In the Iyengar tradition the pictured pose, up until recently, was always referred to as ‘tadasana’. Tadasana translates as ‘mountain pose’ and the analogy is often invoked of standing tall like a mountain when it is taught. In recent publications coming out from the Ramamani Iyengar Memorial Yoga Institute (RIMYI), or the source of Iyengar yoga in Pune, India, this pose started to be referred to as ‘samasthiti’. Samasthiti, in its most basic sense, translates as ‘equal standing’ and refers to an attempt to bring an evenness to the right and the left, and the front and the back, when taking this position. This said, if you were to attend a class with one of the Iyengars today you would probably hear the word ‘tadasana’ used more commonly than ‘samasthiti’. So which is it?
Both labels refer to exactly the same pose. Either way the importance of this posture should not be underestimated. This asana is considered as the foundation or blueprint pose for all other poses. Any discrepancy in the body will be revealed to you in this pose, and any discrepancy you have in this pose will show up in all the other postures. Physically it is one of the least demanding of all poses, so by continually correcting and adjusting your tadasana or samasthiti, you are in effect adjusting and correcting all of your poses. Conversely, Mr Iyengar says that in every pose that you take, no matter how advanced or complex, your aim is to find an element of tadasana or samasthiti in it.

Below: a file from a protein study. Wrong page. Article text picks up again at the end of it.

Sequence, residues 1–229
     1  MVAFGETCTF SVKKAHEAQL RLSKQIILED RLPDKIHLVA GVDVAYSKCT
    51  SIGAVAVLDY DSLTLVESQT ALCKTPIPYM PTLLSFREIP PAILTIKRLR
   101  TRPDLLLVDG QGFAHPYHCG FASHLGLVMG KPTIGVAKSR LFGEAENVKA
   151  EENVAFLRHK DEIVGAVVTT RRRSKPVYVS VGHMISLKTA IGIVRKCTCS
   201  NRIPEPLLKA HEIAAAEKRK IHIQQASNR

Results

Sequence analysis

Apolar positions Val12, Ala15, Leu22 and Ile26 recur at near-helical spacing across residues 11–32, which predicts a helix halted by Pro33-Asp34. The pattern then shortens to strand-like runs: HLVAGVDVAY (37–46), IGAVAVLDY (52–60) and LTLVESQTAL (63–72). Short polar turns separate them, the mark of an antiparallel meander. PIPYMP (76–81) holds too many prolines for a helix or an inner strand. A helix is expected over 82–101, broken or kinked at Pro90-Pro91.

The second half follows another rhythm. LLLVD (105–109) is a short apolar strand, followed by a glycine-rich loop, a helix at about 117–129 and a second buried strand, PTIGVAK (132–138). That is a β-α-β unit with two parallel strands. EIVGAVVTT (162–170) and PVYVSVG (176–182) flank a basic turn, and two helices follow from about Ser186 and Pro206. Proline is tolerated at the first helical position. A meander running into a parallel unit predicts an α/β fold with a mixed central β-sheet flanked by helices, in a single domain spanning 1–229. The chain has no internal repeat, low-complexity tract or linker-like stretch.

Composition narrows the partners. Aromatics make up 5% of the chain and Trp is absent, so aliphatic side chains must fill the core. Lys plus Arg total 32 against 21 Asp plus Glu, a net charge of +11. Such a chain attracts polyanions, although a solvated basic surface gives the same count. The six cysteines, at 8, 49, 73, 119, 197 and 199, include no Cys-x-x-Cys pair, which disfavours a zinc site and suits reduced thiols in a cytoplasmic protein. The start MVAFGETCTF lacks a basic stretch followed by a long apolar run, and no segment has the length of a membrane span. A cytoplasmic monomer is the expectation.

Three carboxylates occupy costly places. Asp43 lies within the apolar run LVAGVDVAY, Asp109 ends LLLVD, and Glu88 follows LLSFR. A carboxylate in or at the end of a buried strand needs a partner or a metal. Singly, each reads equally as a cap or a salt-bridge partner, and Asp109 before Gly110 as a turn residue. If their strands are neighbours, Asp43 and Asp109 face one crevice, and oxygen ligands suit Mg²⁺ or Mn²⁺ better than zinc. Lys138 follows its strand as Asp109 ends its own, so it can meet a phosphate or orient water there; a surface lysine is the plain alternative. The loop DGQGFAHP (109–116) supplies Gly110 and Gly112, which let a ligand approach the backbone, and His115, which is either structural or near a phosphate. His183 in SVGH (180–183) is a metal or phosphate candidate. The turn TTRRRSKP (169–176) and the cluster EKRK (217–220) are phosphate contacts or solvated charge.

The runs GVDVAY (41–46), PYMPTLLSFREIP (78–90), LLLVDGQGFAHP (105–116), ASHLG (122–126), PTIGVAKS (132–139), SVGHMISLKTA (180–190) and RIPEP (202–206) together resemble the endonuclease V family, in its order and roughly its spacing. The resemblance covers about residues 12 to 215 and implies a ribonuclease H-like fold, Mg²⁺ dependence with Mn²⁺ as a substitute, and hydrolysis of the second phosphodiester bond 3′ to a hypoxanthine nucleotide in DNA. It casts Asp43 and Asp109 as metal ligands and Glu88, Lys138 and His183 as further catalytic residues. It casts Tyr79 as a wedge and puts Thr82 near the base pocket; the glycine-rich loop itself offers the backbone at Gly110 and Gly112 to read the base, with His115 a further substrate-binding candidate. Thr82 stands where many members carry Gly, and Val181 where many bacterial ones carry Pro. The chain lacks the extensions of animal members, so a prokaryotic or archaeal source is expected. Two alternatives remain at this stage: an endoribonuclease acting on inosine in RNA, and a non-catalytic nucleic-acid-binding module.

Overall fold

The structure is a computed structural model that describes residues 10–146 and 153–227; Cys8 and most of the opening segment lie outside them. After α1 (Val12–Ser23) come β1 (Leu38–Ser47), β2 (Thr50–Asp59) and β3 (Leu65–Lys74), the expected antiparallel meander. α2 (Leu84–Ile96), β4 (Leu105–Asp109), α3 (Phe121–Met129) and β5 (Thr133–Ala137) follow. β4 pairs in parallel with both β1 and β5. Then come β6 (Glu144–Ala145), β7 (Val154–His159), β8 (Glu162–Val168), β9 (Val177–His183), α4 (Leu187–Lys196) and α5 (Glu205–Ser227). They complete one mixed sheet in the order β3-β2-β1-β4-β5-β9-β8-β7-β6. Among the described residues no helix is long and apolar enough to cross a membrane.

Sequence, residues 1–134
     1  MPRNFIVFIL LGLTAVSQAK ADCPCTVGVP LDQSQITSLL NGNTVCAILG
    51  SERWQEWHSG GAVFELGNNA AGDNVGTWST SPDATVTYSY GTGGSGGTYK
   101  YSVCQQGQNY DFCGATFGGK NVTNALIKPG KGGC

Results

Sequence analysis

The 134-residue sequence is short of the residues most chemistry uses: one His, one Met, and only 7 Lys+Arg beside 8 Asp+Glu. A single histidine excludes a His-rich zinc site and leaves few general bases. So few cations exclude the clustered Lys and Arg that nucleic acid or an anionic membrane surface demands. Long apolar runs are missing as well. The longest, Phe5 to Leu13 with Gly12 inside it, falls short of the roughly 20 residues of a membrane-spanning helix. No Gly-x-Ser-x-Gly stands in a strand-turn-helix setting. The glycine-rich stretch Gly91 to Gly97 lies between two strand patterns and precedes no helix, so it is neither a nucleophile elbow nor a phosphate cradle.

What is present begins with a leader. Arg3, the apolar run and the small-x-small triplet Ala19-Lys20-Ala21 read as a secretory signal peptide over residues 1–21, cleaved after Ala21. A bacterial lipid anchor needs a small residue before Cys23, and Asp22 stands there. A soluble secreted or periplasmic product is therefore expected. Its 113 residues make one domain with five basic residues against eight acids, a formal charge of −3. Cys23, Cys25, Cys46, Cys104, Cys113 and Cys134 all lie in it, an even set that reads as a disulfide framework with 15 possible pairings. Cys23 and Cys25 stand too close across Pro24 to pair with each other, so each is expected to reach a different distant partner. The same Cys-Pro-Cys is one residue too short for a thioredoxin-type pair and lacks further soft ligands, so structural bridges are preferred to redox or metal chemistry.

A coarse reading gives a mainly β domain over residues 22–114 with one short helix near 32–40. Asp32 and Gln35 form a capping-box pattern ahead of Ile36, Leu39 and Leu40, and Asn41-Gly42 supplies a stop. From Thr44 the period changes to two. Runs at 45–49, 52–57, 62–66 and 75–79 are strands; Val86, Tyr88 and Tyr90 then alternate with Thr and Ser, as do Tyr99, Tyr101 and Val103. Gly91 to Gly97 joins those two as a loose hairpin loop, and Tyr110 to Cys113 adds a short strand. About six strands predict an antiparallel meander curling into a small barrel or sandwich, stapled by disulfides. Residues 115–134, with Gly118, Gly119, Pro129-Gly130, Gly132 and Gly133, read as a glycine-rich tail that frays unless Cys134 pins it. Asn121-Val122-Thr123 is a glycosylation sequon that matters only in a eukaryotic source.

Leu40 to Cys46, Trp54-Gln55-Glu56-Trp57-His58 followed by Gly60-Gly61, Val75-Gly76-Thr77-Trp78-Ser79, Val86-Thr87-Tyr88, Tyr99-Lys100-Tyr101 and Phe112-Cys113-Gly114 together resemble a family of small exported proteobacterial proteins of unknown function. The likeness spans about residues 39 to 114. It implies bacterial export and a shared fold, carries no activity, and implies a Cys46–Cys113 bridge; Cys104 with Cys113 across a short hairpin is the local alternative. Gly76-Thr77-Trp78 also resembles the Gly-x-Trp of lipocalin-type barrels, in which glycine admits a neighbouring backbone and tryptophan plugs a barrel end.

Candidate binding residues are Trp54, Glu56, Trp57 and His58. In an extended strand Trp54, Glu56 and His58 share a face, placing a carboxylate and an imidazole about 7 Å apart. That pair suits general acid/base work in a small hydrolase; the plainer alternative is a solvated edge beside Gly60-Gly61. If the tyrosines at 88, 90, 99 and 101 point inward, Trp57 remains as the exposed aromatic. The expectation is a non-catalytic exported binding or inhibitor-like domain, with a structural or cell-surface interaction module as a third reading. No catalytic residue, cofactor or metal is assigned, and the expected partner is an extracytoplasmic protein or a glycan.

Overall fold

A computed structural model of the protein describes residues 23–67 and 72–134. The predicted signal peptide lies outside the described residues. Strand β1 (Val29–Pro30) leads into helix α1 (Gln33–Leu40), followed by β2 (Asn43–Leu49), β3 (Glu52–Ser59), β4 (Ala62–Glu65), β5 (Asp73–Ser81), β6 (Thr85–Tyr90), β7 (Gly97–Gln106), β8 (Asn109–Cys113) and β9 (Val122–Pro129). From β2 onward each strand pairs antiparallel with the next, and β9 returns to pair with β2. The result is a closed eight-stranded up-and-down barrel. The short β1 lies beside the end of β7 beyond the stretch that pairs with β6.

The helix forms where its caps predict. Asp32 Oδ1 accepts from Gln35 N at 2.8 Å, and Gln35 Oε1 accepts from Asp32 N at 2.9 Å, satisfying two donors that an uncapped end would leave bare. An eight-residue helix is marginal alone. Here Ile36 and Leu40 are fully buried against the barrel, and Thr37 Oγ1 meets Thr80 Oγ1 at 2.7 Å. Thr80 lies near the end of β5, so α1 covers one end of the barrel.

This pose is good to come back to a number of times, particularly during the standing pose part of your sequence. As your mind starts to become focused through the working of the standing postures, and as you come back to it again and again, you become more aware of how the placement and working of your feet affects the orientation and working of your legs. In turn you start to become more cognisant of the imbalances and the actions required to bring more symmetry and evenness. This evenness of the legs helps to position the hips in a more neutral orientation in order to create a vertical extension of the spine. By creating a subtle extension through the arms and drawing the top of the shoulders away from the sides of the neck a resistance is created which allows you to create a lift and fullness to the chest. The extension of the spine and the lift of the chest helps to allow the skull to be positioned in its correct alignment in relation to the torso. When the skull is positioned correctly, the front brain can recede towards the back brain.
When this pose is performed with precision, and the active, thinking front brain is drawn back towards the more intuitive back brain, and the chest, where our real intelligence lies, is made predominant, it will become apparent that whether the pose is referred to as ‘tadasana’ or ‘samasthiti’ is of no real consequence!